Poets work to raise awareness about sexual assault

Eau Claire poets shed light on the prevalence of sexual assault in the community

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Kaitlyn Zenner

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Poets work to raise awareness about sexual assault

The Family Support Center in Eau Claire teamed up with SHIFT in order to create the event and encourage conversation about sexual assault.

The Family Support Center in Eau Claire teamed up with SHIFT in order to create the event and encourage conversation about sexual assault.

Photo by Gabbie Henn

The Family Support Center in Eau Claire teamed up with SHIFT in order to create the event and encourage conversation about sexual assault.

Photo by Gabbie Henn

Photo by Gabbie Henn

The Family Support Center in Eau Claire teamed up with SHIFT in order to create the event and encourage conversation about sexual assault.

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April is sexual assault awareness month, and many people view it as an opportunity to come together to discuss the issue of sexual assault and encourage people and groups to work together to raise awareness to this community problem.

One such opportunity for this discussion, the Sexual Assault Awareness Poetry event, was held  Monday at the SHIFT Cyclery and Coffee Bar. People from the Eau Claire community were provided with a safe space to both read and listen to poetry regarding the topic.

The Family Support Center in Eau Claire teamed up with SHIFT in order to create the event and encourage conversation about sexual assault.

The poets who read during the event were able to discuss their personal take on sexual assault through the form of art.

One poet, Maggie Stich, said she hoped her poetry was able to help others gain an understanding of the prevalence of sexual assault in the community.   

“I guess I hope to inspire awareness in general,” Stich said. “It’s really hard to realize that there are victims around us every day and that it’s important to be socially appropriate and be conscious of who you could be hurting or affecting with your language.”

Along with Stich, poet Chanel Harwick aimed to raise awareness of sexual assault as well as make victims feel more comfortable about sharing their past experiences.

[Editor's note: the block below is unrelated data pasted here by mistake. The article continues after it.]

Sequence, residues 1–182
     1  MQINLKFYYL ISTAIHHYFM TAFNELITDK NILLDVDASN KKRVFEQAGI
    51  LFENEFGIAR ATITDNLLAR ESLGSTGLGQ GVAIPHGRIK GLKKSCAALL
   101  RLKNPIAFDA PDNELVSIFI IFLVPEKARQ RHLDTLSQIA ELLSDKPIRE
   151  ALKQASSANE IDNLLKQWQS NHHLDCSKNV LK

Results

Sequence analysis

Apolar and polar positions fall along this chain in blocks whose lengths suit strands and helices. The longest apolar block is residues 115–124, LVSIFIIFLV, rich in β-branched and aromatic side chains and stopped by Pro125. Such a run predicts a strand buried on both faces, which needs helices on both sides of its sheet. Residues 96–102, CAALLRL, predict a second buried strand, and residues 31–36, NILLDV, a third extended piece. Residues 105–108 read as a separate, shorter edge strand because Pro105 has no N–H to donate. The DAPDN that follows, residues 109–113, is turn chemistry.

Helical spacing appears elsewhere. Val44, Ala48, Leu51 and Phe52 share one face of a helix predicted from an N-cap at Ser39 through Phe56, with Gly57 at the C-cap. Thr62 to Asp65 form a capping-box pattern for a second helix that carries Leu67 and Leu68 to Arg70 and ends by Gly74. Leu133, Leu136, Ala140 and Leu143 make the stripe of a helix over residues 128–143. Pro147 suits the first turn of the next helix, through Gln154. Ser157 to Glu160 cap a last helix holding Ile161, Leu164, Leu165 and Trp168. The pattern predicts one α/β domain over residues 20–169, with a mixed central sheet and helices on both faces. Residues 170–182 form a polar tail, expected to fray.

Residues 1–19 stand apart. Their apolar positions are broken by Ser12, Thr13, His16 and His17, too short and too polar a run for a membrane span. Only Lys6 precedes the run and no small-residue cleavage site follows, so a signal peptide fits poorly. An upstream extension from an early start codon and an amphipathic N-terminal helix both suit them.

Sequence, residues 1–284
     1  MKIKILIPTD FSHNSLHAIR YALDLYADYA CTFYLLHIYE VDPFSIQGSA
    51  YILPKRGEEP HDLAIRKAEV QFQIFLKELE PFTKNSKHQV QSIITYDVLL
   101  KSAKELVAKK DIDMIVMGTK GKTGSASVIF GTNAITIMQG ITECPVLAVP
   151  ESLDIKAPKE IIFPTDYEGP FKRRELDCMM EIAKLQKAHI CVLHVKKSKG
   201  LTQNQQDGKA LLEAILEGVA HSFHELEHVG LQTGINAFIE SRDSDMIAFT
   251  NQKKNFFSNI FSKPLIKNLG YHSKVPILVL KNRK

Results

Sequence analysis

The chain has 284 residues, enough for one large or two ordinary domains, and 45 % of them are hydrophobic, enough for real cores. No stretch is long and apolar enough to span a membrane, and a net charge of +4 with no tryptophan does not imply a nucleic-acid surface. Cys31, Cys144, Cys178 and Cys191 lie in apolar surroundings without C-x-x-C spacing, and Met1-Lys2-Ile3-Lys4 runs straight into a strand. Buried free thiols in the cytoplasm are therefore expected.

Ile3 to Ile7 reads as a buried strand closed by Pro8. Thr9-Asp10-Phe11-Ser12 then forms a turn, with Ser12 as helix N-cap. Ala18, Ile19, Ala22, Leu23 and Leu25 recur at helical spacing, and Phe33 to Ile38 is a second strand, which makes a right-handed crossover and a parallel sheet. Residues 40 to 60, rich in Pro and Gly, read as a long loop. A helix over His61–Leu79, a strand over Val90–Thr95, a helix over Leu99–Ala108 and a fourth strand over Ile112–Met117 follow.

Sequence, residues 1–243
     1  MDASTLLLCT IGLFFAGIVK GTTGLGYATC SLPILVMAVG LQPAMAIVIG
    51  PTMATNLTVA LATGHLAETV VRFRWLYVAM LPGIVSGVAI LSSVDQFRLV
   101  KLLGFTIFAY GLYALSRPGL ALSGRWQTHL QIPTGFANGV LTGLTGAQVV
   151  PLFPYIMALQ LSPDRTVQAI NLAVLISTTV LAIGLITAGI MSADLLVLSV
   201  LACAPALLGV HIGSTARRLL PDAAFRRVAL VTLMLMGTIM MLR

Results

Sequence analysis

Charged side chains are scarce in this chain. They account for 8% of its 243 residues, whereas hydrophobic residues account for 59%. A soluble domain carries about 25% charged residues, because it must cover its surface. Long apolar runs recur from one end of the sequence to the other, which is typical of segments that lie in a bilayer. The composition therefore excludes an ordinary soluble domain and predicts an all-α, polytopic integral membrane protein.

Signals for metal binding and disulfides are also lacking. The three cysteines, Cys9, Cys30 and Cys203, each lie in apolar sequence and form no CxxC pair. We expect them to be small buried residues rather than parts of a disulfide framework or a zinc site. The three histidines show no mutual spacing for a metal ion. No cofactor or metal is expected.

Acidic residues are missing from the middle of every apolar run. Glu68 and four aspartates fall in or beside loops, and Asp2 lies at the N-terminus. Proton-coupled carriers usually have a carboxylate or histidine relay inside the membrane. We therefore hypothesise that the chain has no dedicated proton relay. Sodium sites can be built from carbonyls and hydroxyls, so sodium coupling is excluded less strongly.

“I hope more people feel like they can talk about their experiences and not feel like they need to hide,” Harwick said.

Amanda Mondlock, the Victim Services Coordinator for the Family Support Center and head of UWEC Center of Awareness of Sexual Assault (CASA), said it is important for people in the community to attend these kinds of events.

“We want to make sure that we’re providing these safe spaces for people in the community to come seek support, find out what services there are for them and exist in these safe spaces where they can talk about their experiences,” Mondlock said.

Sexual assault prevention is another topic Mondlock touched on. She sees a lot of miseducation about how sexual assault works in our community, which can gear prevention efforts in the wrong direction, she said.

“People say ‘carry your pepper spray and carry your keys between your fingers and don’t walk alone at night,’” Mondlock said. “And, while those are great safety tips, the majority of the time, anybody that’s sexually assaulted is acquainted with the perpetrator. It’s important to understand the reality of how sexual assault is happening, then we can form better, educated responses.”

Continuous discussion on the importance of acknowledging sexual assault in the community is key to making change, Stich said. She said she hopes progress comes as a result of these discussions, in terms of finding victims more acceptance and comfort within their communities.

“I think that sexual assault is something that isn’t talked about enough and is often a scary topic to talk about, but I’m a firm believer in that fact that the more people that are aware the more we can work to prevent it,” Stich said. “We can work to help people feel more comfortable in any given situation.”

Zenner can be reached at [email protected].

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